Random Walks and the Arcsine Law
Join the DZone community and get the full member experience.Join For Free
Suppose you stand at 0 and flip a fair coin. If the coin comes up heads, you take a step to the right. Otherwise you take a step to the left. How much of the time will you spend to the right of where you started?
As the number of steps N goes to infinity, the probability that the proportion of your time in positive territory is less than x approaches 2 arcsin(√x)/π. The arcsine term gives this rule its name, the arcsine law.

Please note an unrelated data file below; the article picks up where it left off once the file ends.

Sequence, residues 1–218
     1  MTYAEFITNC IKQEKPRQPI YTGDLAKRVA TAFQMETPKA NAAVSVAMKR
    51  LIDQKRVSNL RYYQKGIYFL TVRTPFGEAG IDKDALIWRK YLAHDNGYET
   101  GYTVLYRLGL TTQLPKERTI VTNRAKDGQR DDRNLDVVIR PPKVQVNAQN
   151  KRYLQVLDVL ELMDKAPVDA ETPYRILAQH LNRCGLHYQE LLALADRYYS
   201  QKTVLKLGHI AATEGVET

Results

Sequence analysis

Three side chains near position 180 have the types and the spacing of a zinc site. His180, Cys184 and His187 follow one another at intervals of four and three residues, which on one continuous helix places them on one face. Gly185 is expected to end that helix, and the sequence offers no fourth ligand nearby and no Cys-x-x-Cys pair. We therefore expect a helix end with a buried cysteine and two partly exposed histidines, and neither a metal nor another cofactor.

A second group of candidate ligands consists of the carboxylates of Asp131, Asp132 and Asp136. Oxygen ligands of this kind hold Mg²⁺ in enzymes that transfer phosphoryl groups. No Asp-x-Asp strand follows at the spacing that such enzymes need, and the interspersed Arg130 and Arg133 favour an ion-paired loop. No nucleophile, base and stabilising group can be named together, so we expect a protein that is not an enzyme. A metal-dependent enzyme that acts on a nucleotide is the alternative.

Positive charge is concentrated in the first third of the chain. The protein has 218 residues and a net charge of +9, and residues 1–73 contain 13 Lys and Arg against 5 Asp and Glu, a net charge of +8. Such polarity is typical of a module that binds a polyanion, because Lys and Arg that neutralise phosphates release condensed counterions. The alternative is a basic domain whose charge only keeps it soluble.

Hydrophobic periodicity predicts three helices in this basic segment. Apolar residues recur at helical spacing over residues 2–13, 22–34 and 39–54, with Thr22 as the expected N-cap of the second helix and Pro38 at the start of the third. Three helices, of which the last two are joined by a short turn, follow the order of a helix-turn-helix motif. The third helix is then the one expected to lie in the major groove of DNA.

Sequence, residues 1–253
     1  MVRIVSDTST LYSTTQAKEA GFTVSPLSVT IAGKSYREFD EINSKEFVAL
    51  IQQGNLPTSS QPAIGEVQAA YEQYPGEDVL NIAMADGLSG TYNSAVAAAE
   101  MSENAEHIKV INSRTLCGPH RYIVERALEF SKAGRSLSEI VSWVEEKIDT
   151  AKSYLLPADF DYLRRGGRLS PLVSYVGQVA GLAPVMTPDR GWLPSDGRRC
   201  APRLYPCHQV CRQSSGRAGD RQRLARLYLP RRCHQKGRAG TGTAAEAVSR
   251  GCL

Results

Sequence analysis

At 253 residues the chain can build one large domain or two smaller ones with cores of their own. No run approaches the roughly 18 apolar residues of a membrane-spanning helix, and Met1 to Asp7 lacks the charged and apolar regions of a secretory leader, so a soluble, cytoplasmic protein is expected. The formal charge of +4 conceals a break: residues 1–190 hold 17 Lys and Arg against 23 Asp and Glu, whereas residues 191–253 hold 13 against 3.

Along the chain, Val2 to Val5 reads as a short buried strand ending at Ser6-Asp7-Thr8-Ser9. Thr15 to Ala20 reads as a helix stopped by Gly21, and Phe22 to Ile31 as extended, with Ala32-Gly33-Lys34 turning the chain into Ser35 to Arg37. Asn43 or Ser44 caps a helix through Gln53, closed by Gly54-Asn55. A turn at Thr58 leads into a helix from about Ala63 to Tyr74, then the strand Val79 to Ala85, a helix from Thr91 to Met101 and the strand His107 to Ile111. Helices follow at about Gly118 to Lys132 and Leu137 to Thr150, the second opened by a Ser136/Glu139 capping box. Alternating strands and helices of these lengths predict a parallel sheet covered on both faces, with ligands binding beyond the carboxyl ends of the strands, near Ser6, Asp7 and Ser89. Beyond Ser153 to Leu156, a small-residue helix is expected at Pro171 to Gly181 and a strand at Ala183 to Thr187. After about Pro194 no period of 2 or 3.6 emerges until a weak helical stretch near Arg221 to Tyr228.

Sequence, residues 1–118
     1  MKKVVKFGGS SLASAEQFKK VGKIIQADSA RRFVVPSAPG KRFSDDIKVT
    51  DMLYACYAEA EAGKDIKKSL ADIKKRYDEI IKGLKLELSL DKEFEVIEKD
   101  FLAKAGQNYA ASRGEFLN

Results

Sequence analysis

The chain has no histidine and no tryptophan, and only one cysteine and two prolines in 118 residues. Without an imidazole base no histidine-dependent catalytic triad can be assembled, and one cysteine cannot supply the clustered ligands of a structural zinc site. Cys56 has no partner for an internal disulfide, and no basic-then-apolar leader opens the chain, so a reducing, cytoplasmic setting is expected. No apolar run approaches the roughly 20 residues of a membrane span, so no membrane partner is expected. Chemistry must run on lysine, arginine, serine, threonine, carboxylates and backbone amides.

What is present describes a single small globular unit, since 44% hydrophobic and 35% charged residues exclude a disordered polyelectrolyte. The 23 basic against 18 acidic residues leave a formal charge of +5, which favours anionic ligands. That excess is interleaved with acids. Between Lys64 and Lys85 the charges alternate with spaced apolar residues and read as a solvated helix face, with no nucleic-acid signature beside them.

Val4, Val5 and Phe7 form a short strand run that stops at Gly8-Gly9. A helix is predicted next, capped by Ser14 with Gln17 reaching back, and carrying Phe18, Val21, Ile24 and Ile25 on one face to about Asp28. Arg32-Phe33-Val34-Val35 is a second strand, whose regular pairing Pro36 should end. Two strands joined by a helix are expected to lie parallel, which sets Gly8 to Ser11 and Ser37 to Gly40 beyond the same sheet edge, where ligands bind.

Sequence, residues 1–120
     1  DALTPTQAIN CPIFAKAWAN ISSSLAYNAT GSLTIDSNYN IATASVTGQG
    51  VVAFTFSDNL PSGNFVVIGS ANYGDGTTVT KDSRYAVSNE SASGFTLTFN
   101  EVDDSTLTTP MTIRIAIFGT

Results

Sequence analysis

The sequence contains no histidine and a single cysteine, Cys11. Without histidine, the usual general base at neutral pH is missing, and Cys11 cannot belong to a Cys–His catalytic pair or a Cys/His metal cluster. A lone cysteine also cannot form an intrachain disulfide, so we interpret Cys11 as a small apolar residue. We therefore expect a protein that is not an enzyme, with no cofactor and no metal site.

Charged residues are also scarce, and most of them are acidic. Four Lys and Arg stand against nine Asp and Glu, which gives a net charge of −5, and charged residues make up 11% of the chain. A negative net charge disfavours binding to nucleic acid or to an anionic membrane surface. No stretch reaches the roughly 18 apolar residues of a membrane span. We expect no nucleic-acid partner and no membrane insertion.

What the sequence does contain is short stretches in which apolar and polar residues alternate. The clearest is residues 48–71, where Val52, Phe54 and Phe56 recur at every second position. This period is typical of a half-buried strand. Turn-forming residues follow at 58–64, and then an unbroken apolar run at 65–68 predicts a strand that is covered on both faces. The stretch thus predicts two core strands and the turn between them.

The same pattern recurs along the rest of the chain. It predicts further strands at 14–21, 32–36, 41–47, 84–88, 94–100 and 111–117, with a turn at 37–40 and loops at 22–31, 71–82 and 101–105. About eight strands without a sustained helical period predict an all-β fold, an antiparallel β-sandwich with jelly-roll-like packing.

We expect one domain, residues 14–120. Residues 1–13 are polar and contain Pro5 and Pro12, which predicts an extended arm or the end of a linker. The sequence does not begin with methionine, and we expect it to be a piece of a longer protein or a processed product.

Here’s a little Python script to illustrate the arcsine law.
import random from numpy import arcsin, pi, sqrt def step(): u = random.random() return 1 if u < 0.5 else -1 M = 1000 # outer loop N = 1000 # inner loop x = 0.3 # Use any 0 < x < 1 you'd like. outer_count = 0 for _ in range(M): n = 0 position= 0 inner_count = 0 for __ in range(N): position += step() if position > 0: inner_count += 1 if inner_count/N < x: outer_count += 1 print (outer_count/M) print (2*arcsin(sqrt(x))/pi)
Published at DZone with permission of John Cook, DZone MVB. See the original article here.
Opinions expressed by DZone contributors are their own.